Plastic Free July strategies – reuse and reduce

plastic free july by collecting apricots with no plastic

Plastic Free July strategies – reuse and reduce

As Plastic Free July draws to a close, I want to spend some time considering the use of plastics. I also want to explore the ways in which we can reduce our use of plastics. Plastic takes over 500 years to decompose. So all of the plastic that was made from the innovation of plastic (about 70 years ago) is still in our environment. Indeed, The Guardian suggests that by the year 2050 there will be more plastic in the ocean (by weight) than fish!

What the article in the Guardian makes abundantly clear is that it is extremely hard as a consumer to live in the modern world without using plastics.

We can be conscious of our use of plastics by not using plastic bags for our fruits and vegetables, as shown here in this Instagram post:

Same store, almost the same produce. Plastic free is possible! #leaveitontheshelf

A post shared by 1 Million Women (@1millionwomen) on

But it can be difficult to avoid in many products. Of course the emphasis of Plastic Free July was single use plastics. It is still hard to avoid. Recycling is possible for many plastics, but that is energy intensive too. One great thing you can do is reuse. Wholefoods stores make this possible by offering loose seeds, flour, pasta and rice that you can put into a reusable container.

I guess the point of Plastic Free July is to become more conscious of it. I noticed that the lemon and eucalyptus drops that I was using for my cold (another cold?! only three weeks later!? More green smoothies. stat!), were individually wrapped in plastic. Surely wasteful. What am I going to do with that, except put it in the bin?

How are they celebrating plastic free July?

I noticed other people at the supermarket who didn’t bring their own bags. One family had about 20 bags! I was furious. I wanted to go up to them and say ‘what are you planning to do with all those bags?’ Probably put them in the bin. It is depressing. (They were rude to the staff in the supermarket too. 🙁 Not nice people obviously.)

sunny kitchen

When I get plastic bags from the grocery store, I use them to line my bins. I think this is a good use, because it saves buying more plastic for bin liners and reuses the grocery bag several times. If you are interested, my household waste amounts to about one grocery bag full of rubbish and one reusable fabric supermarket bag full of recycling per week. It is good, I think!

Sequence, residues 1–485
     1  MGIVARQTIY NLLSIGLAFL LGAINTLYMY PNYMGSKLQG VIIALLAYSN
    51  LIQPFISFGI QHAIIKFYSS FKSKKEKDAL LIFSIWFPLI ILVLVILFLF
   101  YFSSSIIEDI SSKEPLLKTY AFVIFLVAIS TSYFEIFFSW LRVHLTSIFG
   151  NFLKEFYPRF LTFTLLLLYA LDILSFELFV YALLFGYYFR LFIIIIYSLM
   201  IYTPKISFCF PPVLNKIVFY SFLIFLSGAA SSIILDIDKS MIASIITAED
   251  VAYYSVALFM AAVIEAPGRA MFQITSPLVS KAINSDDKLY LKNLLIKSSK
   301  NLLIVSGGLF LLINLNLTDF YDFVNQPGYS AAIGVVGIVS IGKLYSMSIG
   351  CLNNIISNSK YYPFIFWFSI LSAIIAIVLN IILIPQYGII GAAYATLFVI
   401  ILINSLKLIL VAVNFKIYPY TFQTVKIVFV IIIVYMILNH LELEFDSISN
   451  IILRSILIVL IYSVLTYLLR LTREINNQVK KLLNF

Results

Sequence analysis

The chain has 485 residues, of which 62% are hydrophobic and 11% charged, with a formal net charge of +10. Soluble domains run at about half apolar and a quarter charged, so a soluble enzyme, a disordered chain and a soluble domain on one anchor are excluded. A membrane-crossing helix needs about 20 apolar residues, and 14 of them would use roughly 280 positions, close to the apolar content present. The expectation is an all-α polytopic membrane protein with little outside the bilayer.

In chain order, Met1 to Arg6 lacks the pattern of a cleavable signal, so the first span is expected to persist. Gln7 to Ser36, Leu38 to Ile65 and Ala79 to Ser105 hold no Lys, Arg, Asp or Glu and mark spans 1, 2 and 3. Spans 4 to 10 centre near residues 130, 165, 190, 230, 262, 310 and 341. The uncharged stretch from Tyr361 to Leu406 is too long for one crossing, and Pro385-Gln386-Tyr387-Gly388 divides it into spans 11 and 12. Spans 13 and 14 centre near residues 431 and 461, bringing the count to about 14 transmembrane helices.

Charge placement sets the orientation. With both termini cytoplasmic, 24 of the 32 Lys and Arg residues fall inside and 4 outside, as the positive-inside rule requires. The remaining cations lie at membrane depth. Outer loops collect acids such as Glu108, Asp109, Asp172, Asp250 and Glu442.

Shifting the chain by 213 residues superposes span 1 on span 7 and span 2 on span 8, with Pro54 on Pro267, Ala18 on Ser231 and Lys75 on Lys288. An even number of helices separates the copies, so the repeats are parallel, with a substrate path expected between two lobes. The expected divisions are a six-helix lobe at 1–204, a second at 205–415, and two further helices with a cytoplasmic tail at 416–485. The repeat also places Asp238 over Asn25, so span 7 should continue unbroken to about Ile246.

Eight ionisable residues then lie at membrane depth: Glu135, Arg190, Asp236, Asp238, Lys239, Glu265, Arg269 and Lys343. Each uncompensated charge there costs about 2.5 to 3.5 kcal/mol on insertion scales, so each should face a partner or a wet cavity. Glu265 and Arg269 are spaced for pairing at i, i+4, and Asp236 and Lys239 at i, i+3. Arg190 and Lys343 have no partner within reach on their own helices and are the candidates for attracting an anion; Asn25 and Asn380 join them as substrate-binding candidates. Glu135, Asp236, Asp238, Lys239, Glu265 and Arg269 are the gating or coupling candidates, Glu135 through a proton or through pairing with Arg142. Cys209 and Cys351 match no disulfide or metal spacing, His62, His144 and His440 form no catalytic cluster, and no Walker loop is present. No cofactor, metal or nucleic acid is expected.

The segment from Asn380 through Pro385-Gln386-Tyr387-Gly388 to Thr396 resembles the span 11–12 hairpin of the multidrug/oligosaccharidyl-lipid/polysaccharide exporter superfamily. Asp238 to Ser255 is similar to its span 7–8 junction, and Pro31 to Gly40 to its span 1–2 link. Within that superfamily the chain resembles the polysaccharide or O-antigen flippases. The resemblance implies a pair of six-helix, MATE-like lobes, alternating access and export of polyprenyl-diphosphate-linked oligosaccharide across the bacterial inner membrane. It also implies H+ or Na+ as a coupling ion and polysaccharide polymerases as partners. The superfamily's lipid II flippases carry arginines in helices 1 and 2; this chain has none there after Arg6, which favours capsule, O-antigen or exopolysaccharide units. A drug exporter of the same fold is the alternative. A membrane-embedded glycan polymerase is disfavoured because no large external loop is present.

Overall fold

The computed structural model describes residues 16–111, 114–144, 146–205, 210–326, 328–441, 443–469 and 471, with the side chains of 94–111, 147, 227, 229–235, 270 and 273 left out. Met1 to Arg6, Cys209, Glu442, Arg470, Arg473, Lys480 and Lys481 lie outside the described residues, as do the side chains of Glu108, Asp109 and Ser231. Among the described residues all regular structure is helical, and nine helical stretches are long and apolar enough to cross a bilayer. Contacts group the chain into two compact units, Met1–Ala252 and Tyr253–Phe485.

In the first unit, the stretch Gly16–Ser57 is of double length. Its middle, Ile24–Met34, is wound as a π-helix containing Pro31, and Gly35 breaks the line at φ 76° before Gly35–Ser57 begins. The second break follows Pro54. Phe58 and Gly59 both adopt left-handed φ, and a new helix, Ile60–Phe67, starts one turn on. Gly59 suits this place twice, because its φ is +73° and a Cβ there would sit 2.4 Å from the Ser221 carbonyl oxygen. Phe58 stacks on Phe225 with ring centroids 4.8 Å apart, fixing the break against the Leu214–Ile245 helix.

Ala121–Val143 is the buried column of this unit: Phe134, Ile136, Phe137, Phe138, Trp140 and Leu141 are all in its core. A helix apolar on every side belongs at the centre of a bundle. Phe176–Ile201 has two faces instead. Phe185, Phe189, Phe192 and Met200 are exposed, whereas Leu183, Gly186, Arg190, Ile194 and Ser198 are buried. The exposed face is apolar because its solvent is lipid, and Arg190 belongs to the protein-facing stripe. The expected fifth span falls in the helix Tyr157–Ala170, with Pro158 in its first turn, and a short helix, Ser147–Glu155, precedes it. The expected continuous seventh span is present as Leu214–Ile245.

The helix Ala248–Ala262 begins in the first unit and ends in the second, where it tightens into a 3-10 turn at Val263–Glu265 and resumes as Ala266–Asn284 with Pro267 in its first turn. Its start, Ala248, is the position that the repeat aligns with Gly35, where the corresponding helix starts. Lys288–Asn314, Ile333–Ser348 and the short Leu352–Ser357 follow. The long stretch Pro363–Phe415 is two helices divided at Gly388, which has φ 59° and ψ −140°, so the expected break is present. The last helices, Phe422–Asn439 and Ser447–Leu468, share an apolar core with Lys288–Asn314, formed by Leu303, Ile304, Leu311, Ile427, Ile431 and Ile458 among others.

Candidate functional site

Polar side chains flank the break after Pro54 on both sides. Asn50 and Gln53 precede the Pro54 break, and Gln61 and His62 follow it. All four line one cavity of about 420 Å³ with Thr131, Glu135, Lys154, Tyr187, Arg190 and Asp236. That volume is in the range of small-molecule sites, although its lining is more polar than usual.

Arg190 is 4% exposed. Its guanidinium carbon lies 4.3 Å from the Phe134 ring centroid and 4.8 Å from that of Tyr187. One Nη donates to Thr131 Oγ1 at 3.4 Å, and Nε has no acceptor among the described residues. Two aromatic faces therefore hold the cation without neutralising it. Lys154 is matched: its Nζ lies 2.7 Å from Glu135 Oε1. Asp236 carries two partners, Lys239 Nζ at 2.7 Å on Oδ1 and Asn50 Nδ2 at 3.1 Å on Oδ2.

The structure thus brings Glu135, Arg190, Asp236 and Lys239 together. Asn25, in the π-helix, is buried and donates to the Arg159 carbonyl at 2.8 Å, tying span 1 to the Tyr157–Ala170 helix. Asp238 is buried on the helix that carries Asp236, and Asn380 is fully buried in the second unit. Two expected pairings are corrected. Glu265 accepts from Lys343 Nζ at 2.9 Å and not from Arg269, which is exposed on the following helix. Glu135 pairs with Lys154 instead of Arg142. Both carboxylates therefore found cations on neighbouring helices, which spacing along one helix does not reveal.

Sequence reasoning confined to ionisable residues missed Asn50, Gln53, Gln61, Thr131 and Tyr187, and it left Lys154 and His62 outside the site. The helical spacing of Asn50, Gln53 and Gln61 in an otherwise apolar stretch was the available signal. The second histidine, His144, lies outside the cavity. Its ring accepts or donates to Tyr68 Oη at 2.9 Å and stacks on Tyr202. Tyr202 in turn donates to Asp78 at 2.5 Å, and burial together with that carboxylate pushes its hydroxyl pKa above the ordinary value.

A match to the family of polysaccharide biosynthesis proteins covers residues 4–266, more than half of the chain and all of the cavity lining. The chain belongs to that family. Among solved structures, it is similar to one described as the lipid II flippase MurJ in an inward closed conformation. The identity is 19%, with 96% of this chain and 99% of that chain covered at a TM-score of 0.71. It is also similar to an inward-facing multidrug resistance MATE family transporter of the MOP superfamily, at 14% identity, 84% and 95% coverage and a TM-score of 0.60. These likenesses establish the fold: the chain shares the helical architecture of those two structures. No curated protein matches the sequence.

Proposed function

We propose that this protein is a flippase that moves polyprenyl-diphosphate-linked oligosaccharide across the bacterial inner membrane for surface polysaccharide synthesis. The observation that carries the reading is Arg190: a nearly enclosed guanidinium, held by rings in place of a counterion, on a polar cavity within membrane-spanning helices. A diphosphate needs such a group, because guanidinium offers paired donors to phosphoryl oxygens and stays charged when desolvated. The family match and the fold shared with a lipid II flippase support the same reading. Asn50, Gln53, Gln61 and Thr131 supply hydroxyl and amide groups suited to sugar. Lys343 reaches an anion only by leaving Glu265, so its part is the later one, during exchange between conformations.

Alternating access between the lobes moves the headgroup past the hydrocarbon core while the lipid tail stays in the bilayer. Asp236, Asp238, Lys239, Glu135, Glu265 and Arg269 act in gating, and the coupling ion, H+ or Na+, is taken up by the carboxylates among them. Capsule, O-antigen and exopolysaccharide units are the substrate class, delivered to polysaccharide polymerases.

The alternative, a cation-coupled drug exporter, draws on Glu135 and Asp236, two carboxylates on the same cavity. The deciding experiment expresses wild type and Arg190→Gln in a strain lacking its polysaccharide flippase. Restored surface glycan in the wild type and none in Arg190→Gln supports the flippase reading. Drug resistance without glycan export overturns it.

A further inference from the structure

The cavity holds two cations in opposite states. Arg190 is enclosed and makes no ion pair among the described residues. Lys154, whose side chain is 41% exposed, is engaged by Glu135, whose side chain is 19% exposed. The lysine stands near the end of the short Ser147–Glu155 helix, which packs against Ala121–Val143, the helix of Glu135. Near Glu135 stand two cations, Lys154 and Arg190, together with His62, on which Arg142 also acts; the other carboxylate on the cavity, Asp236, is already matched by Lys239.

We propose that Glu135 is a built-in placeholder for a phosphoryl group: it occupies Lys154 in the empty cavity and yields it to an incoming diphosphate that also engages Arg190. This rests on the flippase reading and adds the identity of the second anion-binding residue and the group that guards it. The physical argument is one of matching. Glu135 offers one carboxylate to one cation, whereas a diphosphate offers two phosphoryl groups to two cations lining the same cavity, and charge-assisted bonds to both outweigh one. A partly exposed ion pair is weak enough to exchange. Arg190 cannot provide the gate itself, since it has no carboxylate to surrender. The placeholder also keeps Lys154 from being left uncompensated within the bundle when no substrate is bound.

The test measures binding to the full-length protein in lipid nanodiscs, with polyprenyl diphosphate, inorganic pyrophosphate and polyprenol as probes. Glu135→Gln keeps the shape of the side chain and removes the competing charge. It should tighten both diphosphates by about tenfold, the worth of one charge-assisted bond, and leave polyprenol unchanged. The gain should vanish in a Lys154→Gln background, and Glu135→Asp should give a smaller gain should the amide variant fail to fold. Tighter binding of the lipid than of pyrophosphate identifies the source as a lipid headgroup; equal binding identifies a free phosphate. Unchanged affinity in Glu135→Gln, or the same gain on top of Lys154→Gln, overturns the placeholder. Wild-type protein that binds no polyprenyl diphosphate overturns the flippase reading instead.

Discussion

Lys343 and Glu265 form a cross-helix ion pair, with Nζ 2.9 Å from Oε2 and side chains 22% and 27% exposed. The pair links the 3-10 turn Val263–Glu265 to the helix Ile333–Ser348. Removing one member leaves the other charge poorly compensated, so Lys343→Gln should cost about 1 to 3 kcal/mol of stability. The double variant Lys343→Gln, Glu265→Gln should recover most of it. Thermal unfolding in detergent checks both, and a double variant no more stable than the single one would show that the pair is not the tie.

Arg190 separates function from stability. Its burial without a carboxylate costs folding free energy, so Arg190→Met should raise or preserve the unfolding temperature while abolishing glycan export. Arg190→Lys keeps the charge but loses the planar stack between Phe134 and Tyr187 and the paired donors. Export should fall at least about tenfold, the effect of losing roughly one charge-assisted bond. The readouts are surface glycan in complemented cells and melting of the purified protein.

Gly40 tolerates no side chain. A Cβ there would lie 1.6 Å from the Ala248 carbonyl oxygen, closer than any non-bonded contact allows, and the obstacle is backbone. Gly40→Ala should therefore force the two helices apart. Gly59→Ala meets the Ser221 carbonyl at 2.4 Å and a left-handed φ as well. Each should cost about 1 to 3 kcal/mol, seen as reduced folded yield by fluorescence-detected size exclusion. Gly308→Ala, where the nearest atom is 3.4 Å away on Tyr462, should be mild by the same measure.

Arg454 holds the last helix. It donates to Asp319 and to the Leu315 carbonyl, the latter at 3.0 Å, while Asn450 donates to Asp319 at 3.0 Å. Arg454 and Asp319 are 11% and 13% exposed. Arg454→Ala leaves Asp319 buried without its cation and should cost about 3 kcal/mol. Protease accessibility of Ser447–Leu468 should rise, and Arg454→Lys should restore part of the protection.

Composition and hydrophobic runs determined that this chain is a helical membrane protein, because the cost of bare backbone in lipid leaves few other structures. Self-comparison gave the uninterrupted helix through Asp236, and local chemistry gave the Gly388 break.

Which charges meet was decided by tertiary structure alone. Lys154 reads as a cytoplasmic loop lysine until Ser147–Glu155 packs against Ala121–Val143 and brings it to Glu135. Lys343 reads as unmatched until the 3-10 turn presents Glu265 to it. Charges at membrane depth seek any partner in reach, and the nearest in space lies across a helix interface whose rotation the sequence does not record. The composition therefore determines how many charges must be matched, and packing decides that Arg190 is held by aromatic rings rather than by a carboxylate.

I do think that these days there are biodegradable bin liners that can be used in bins, that would be even better. It would cut down on one bag a week of plastic into landfill. I just wish that people were a bit more thoughtful.

What are some other plastic saving strategies?

The Guardian article mentioned bars of shampoo and conditioner that reduce the amount of plastic that is used in the shower. I think this is worth a shot. I am fairly particular about the shampoo and conditioner that I use, because I like to have lustrous, shiny hair. But I am willing to give it a go! Obviously a bar of soap is more ecologically friendly than a plastic bottle of soap in the shower.

I thought that a bamboo toothbrush is nice, although I am not sure what the bristles are made of. It feels soft against my gums and teeth. It is a good swap.

plastic free july - bamboo toothbrush

Disposable coffee cups are a huge contributor to plastics in landfill. My friend gave me a lovely Frank Green reusable coffee cup. It works beautifully! However, it is smallish, so it would not hold enough tea for a two hour lecture. I might invest in a bigger Frank Green cup!

What else?

I can’t think of anything right now, but I plan to continue being conscious of this!

Leave me a comment to share more ideas for saving plastic below!

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